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lady jane grey grave

by on oktober 24, 2020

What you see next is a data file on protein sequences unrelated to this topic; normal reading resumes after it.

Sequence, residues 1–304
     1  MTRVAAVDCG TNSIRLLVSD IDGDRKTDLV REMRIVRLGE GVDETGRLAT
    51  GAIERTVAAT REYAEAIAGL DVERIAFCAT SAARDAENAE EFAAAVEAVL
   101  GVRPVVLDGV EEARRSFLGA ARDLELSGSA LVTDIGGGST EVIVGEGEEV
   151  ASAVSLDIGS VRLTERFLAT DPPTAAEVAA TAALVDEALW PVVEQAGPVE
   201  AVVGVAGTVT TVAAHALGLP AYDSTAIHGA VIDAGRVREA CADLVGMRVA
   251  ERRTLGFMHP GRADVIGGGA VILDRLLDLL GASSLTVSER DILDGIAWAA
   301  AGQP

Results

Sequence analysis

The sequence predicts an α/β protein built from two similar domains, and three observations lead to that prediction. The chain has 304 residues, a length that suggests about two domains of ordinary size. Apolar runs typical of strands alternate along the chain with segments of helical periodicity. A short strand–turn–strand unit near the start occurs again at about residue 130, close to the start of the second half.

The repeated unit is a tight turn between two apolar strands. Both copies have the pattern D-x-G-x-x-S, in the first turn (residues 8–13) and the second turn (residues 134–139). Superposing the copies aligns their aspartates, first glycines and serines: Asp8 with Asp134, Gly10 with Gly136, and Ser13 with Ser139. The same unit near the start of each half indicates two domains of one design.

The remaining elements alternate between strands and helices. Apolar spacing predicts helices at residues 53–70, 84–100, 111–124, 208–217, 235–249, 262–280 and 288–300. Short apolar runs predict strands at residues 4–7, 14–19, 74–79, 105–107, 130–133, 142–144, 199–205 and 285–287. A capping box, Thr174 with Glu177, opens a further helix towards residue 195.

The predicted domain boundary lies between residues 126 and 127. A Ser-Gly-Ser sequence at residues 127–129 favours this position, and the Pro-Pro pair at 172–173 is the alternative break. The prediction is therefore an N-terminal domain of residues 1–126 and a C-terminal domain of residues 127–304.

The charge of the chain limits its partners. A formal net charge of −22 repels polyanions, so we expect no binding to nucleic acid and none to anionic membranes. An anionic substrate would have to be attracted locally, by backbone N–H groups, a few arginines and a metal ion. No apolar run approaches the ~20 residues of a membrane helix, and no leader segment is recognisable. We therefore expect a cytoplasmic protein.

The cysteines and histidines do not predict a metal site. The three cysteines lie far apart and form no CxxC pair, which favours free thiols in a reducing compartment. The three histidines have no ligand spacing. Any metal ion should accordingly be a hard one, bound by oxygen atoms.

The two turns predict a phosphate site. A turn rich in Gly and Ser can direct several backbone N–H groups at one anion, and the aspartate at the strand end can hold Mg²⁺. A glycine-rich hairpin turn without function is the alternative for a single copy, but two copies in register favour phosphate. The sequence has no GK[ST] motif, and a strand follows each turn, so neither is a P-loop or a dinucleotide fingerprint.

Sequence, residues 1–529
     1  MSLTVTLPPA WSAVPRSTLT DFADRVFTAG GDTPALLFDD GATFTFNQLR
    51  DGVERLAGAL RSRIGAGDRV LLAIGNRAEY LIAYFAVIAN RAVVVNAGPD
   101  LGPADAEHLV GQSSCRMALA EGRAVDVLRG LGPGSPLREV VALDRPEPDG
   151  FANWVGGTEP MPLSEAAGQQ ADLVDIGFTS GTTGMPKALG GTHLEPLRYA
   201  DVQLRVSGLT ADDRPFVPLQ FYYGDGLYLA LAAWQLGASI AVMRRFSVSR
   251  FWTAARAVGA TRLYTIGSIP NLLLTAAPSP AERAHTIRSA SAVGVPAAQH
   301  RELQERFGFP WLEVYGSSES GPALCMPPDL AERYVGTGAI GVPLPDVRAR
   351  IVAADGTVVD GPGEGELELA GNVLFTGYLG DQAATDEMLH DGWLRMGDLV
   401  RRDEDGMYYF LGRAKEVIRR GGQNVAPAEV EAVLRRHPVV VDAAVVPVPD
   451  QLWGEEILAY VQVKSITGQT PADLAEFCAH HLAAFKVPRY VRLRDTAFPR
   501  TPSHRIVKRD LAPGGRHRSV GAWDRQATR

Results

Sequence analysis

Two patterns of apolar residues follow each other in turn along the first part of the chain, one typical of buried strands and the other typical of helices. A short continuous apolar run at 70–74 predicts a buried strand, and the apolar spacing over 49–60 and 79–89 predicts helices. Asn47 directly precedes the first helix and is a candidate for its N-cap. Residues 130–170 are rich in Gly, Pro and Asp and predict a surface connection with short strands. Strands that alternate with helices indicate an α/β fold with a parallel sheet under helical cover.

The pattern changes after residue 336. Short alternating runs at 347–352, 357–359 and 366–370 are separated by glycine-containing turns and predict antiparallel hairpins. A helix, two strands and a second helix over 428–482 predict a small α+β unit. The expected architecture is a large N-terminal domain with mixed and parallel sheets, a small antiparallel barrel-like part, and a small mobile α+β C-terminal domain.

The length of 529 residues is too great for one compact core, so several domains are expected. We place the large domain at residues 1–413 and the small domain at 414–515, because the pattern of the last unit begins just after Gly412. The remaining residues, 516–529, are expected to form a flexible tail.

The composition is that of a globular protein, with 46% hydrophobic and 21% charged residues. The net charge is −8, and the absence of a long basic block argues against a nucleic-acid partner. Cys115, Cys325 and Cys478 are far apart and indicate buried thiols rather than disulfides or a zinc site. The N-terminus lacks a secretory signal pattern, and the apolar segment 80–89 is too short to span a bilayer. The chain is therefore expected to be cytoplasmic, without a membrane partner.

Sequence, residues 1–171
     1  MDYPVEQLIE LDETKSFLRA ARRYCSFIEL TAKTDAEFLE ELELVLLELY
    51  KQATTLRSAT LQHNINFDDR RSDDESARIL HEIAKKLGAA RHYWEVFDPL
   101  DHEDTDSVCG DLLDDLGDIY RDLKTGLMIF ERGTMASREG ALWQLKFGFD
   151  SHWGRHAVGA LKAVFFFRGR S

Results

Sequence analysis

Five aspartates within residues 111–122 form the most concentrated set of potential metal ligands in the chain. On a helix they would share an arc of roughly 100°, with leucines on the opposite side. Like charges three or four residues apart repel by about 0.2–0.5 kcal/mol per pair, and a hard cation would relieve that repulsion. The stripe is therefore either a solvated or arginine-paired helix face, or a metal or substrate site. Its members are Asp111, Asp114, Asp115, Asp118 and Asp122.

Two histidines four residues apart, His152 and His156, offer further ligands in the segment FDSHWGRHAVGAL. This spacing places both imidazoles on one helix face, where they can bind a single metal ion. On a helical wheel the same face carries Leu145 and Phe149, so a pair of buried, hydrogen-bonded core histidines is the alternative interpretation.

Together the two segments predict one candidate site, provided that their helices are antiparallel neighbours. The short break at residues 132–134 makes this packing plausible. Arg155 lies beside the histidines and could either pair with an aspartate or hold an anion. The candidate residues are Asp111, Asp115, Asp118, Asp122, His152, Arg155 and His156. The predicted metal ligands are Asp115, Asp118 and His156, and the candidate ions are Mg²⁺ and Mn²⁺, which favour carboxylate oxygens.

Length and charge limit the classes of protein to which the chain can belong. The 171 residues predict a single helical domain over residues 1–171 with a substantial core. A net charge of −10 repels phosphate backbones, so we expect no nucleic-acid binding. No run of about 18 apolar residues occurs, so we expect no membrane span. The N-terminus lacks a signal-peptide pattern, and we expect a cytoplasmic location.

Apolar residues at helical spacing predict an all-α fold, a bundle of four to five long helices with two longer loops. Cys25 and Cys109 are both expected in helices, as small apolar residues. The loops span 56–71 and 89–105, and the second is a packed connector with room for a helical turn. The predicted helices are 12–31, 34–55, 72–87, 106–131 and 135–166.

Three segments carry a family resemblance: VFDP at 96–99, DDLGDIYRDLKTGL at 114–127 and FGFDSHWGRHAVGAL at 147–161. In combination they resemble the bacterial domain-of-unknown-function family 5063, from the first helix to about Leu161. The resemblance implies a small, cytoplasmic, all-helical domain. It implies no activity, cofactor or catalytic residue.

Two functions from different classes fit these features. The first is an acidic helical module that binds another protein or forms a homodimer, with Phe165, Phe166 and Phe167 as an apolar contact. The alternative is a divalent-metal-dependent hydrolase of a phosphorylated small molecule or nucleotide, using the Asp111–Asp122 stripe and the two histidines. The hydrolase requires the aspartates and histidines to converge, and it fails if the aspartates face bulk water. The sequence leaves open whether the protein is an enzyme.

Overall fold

The execution of the sentence was suspended, but the participation of her father, in early February 1554, in Sir Thomas Wyatt’s rebellion sealed her fate. While Suffolk was pardoned, Jane and her husband were tried for high treason in November 1553. "I will return one day, and I will wash away all the filth with your blood. [30] Lady Jane Grey, also called (from 1553) Lady Jane Dudley, (born October 1537, Bradgate, Leicestershire, England—died February 12, 1554, London), titular queen of England for nine days in 1553. Northumberland's supporters melted away and Suffolk easily persuaded his daughter to relinquish the crown. Jane was nominal queen of England for just nine days in 1553, as part of an unsuccessful bid to prevent the accession of the Catholic Mary Tudor. Last edited on 29 September 2020, at 22:27, "A rare portrait of Lady Jane Grey? [24] When the 15-year-old Edward VI lay dying in the early summer of 1553, his Catholic half-sister Mary was still his heir presumptive.  © ", This page was last edited on 29 September 2020, at 22:27. In October 1551, her father was created duke of Suffolk and Jane began to appear at court. Consultant editor for the. Elvira Grey Lady Elvira Grey was the Mayor of Bowerstone during the age of heroes., Elizabethan Era - Biography of Lady Jane Grey, National Portrait Gallery - Biography of Lady Jane Grey, Spartacus Educational - Biography of Lady Jane Grey, History Learning Site - Biography of Lady Jane Grey, English Monarchs - Biography of Jane Grey, Lady Jane Grey - Children's Encyclopedia (Ages 8-11), Lady Jane Grey - Student Encyclopedia (Ages 11 and up). Referring to her head, she asked, "Will you take it off before I lay me down? [36], Referred to by the court as Jane Dudley, wife of Guildford, Jane was charged with high treason, as were her husband, two of his brothers, and the former Archbishop of Canterbury, Thomas Cranmer. [44][45] Jane then recited Psalm 51 (Have mercy upon me, O God) in English, and handed her gloves and handkerchief to her maid. However, Jane soon became viewed as a threat to the Crown when her father, Henry Grey, 1st Duke of Suffolk, got involved with Wyatt's rebellion against Queen Mary's intention to marry Philip II of Spain. Jane's father, the Duke of Suffolk, was executed 11 days after Jane, on 23 February 1554. Jane had two younger sisters: Lady Katherine and Lady Mary. She lived in her mansion on the north side of Bowerstone. Furthermore, this Act authorised Henry VIII to alter the succession by his will. Their execution was first scheduled for 9 February 1554, but was then postponed for three days to give Jane a chance to convert to the Catholic faith. Lady Jane Grey was the eldest daughter of Henry Grey, 1st Duke of Suffolk, and his wife, Frances. After Lady Jane’s father, hitherto marquess of Dorset, was created duke of Suffolk in October 1551, she was constantly at the royal court. Wikisource has original works on the topic: Bindoff, Stanley T. (1953) "A Kingdom at Stake, 1553. In May 1553, Jane was married to Northumberland's son, Lord Guildford Dudley. [31] Edward also announced to have his "declaration" passed in parliament in September, and the necessary writs were prepared. (2015) "The succession crisis of 1553 and Mary’s rise to power", in, Kewes, Paulina. Jane was born in the autumn of 1537, the daughter of the Marquess of Dorset. This page has been archived and is no longer updated. She has proven to be both seductive and voluptuous, but also villainous. The granddaughter of Henry VII, he named her as his successor in his will, attempting to subvert claims by her half-sisters Mary and Elizabeth. She then blindfolded herself. The carrying out of the sentence was suspended, but Suffolk's support for Sir Thomas Wyatt's rebellion in February 1554 sealed Jane's fate. Lady Jane Grey (c. 1537 ... No memorial stone was erected at their grave. "[41] She was then taken out to Tower Green, inside the Tower, to be beheaded. Her father followed them two days later. Lady Jane Grey was known as “the nine days queen” as she reigned only between the 10th and 19th of July 1553. The English people, however, largely supported Edward VI’s half sister Mary Tudor, the rightful heir by Henry VIII’s will. However, Edward’s sister Mary Tudor, the heir according to an act of Parliament (1544) and Henry VIII’s will (1547), had the support of the populace, and on July 19 even Suffolk, who by now despaired of success in the plans for his daughter, attempted to retrieve his position by proclaiming Mary queen. A horse and cart brought his remains back to the Tower, past the rooms where Jane was staying. Omissions? She and her husband were beheaded on February 12, 1554; her father was executed 11 days later. Be on the lookout for your Britannica newsletter to get trusted stories delivered right to your inbox. The execution of Lady Jane Grey. Or just an 'appallingly bad picture'? Jane refused to name her husband Dudley as king, because that would require an Act of Parliament. [25][22][26] Edward's decision to name Jane Grey herself was possibly instigated by Northumberland. In 1554, together with Dorset's other surviving sons, Lord John Grey and Lord Thomas Grey, Suffolk took part in Wyatt's rebellion against Mary I's marriage to Philip of Spain and in support of Lady Jane Grey. On July 10, Lady Jane—who fainted when the idea was first broached to her—was proclaimed queen. However, Edward, in a draft will ("My devise for the Succession") composed earlier in 1553, had first restricted the succession to (non-existent) male descendants of Frances Brandon and her daughters, before he named his Protestant cousin "Lady Jane and her heirs male" as his successors, probably in June 1553; the intent was to ensure his Protestant legacy, thereby bypassing Mary, who was a Roman Catholic. Edward died on 6 July 1553. [4], The rebellion of Thomas Wyatt the Younger in January 1554 against Queen Mary's marriage plans with Philip of Spain sealed Jane's fate. No memorial stone was erected at their grave. As soon as Mary was sure of King Edward's demise, she left her residence at Hunsdon and set out to East Anglia, where she began to rally her supporters. Lady Jane Grey (c. 1537[3] – 12 February 1554), also known as Lady Jane Dudley (after her marriage)[4] and as "the Nine Days' Queen",[5] was an English noblewoman and de facto Queen of England and Ireland from 10 July until 19 July 1553.. After Edward's death, Jane was proclaimed queen on 10 July 1553 and awaited coronation in the Tower of London. Lady Jane was the great-granddaughter of Henry VII through her mother, Lady Frances Brandon, whose own mother was Mary, the younger of King Henry VIII’s two sisters. Mary sent her chaplain John Feckenham to Jane, who was initially not pleased about this. With her head on the block, Jane spoke the last words of Jesus as recounted by Luke: "Lord, into thy hands I commend my spirit!"[43]. Jane and Guildford are buried in the Chapel of St Peter ad Vincula on the north side of Tower Green. Jane was held prisoner in the Tower and was convicted in November 1553 of high treason, which carried a sentence of death—though Mary initially spared her life. Henry's will reinforced the succession of his three children, and then declared that, should none of them leave descendants, the throne would pass to heirs of his younger sister, Mary, which included Jane. "[52] [42] According to the account of her execution given in the anonymous Chronicle of Queen Jane and of Two Years of Queen Mary, which formed the basis for Raphael Holinshed's depiction, Jane gave a speech upon ascending the scaffold: Good people, I am come hither to die, and by a law I am condemned to the same.